OIG Self-Disclosure Protocol 2.0: Evolution Continues with Online Application


The OIG continued its Self-Disclosure Protocol (SDP) evolution this year when it announced that its voluntary SDP application was available online at the Self-Disclosure Protocol home page. The new online application is the second SDP update from the OIG this year and follows the April 2013 revision to the OIG Self-Disclosure Protocol. This article provides a quick summary of the online application and revisits noteworthy innovations to the 2013 SDP.

The online application is an alternative to submitting voluntary self disclosures by mail. The application breaks up the submission into five data components and allows users to save and continue their entries during the submission process.

The OIG has issued several Open Letters that modified the original 1998 SDP, but the April 2013 revision is the SDP’s first wholesale change. The contents of these 2006 [PDF], 2008 [PDF] and 2009 [PDF] Open Letters are widely known and are largely incorporated in the 2013 SDP. The 2013 SDP is also written less formally, making it easier to understand than the 1998 SDP, particularly in its lengthy description of the data submissions required for a voluntary self-disclosure.

The 2013 SDP includes a number of noteworthy clarifications. It clarifies that the SDP is not limited to only traditional Medicare suppliers and providers like health care facilities and physicians, but is available for any party’s conduct, like a pharmaceutical company or medical device manufacturer, that could trigger the OIG’s CMP authority.

The 2013 SDP also clarifies that disclosing parties need only explain that a “potential violation” exists. From a pragmatic perspective, any voluntary self-disclosure should include conduct only where a violation exists. Where a colorable reason exists that the conduct did not implicate the OIG’s CMP authority, the OIG would prefer that conduct not be disclosed.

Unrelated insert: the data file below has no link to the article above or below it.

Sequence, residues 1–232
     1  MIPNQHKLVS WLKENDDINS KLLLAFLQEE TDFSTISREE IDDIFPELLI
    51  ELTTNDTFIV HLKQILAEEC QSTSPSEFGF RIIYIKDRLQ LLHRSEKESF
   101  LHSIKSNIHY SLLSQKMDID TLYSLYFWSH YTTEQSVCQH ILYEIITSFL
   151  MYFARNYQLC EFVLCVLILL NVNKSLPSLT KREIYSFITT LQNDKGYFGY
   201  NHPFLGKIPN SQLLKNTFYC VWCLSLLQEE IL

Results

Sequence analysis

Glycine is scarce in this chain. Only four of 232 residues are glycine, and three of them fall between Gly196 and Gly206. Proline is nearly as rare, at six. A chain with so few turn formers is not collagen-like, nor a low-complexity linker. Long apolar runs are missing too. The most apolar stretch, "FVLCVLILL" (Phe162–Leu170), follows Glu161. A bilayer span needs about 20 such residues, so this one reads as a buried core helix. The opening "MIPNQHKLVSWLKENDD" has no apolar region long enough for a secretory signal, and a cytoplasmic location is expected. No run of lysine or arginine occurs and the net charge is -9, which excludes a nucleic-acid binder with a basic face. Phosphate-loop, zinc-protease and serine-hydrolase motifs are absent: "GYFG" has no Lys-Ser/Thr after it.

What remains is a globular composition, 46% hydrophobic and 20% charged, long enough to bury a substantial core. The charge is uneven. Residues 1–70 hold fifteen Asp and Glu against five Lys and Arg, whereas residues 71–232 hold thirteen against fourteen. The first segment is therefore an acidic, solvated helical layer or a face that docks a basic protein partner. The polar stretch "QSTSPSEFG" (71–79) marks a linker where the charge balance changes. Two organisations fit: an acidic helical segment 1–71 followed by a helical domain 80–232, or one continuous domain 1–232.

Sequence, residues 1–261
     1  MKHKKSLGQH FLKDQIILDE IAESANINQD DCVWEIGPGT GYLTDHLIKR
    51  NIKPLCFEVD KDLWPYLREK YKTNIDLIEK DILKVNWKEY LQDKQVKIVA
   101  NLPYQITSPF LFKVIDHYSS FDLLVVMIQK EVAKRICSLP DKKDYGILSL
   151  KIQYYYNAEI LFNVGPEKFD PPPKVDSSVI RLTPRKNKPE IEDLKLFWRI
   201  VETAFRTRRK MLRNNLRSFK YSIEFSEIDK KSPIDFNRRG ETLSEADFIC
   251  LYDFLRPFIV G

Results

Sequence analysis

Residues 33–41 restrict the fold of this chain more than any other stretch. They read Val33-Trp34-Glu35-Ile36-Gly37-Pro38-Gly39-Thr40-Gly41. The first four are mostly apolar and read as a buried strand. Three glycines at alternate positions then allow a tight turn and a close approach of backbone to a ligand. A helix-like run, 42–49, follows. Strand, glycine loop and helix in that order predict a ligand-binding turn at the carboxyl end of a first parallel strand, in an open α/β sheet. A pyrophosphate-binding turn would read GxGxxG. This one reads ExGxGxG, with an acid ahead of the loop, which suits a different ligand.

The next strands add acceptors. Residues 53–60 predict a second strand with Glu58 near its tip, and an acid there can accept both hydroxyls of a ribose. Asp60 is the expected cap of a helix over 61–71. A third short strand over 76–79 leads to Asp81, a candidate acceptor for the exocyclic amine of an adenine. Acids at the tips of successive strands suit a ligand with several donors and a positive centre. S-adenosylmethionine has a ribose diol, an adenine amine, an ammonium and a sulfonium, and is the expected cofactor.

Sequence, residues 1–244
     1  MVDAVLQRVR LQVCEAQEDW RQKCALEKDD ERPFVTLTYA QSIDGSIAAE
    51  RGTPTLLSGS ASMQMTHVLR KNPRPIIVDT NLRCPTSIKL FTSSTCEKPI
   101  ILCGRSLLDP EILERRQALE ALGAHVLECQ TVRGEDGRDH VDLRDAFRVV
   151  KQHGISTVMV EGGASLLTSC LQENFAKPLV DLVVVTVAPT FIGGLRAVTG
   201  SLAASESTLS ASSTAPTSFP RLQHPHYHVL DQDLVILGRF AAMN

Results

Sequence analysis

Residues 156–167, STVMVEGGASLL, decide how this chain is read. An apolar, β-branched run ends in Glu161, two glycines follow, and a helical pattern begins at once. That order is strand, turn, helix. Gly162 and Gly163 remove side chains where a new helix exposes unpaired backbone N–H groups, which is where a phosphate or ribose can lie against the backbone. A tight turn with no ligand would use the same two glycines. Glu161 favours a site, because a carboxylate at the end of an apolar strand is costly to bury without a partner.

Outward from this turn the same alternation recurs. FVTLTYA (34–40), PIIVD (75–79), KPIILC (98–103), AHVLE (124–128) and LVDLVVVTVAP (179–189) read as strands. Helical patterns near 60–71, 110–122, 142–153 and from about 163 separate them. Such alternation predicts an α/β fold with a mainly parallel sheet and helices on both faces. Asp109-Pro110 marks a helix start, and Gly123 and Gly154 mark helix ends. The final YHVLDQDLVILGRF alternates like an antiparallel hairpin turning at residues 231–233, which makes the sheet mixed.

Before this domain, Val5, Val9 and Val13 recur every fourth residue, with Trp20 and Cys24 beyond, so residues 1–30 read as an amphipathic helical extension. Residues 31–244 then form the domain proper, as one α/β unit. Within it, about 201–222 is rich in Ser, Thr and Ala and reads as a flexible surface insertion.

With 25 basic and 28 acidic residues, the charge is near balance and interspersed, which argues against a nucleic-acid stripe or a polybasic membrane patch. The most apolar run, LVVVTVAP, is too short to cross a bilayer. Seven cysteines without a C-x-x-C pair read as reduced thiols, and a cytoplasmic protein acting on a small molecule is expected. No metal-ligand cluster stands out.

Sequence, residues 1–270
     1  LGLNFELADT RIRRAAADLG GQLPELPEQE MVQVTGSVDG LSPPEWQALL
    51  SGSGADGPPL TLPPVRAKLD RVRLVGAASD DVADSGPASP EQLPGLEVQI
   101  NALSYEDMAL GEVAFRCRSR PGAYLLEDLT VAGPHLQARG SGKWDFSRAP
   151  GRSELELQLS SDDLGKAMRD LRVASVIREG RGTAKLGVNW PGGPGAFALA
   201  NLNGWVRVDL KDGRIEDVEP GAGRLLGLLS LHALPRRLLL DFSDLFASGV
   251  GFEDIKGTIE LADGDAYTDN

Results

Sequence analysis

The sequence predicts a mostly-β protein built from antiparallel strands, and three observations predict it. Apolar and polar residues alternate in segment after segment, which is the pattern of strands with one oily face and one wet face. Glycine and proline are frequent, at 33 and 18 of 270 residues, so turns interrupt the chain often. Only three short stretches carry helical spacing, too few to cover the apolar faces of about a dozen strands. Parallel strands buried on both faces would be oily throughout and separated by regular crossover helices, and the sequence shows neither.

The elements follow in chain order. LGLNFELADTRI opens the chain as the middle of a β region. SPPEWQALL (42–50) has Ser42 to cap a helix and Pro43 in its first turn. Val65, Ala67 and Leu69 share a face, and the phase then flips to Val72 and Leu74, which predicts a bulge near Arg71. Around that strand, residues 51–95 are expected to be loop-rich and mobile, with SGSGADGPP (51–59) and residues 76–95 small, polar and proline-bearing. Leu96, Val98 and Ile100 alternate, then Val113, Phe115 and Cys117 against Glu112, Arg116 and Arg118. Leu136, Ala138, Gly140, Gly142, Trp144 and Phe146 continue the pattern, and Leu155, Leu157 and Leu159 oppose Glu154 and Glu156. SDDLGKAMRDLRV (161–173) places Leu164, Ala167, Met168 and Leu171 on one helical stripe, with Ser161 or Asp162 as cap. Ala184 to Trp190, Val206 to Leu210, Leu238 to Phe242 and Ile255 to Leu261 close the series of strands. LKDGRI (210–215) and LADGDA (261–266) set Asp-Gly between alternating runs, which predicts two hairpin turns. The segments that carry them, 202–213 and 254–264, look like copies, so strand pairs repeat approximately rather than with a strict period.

It is also worth reminding potential “disclosing parties” of the changes to the statute of limitations and the need to have taken corrective actions, although these now-published changes are consistent with the OIG’s evolving position with the SDP. The 2013 SDP explains that a disclosing party waives statute of limitations, laches and other similar defenses to any administrative action filed subsequently by the OIG in relation to the disclosed conduct. The OIG also expects self-disclosures to occur at the end of the disclosed conduct. Disclosing parties should end the conduct or be within 90 days of terminating a potentially violative relationship before making a voluntary self-disclosure.

DISCLAIMER: Because of the generality of this update, the information provided herein may not be applicable in all situations and should not be acted upon without specific legal advice based on particular situations.

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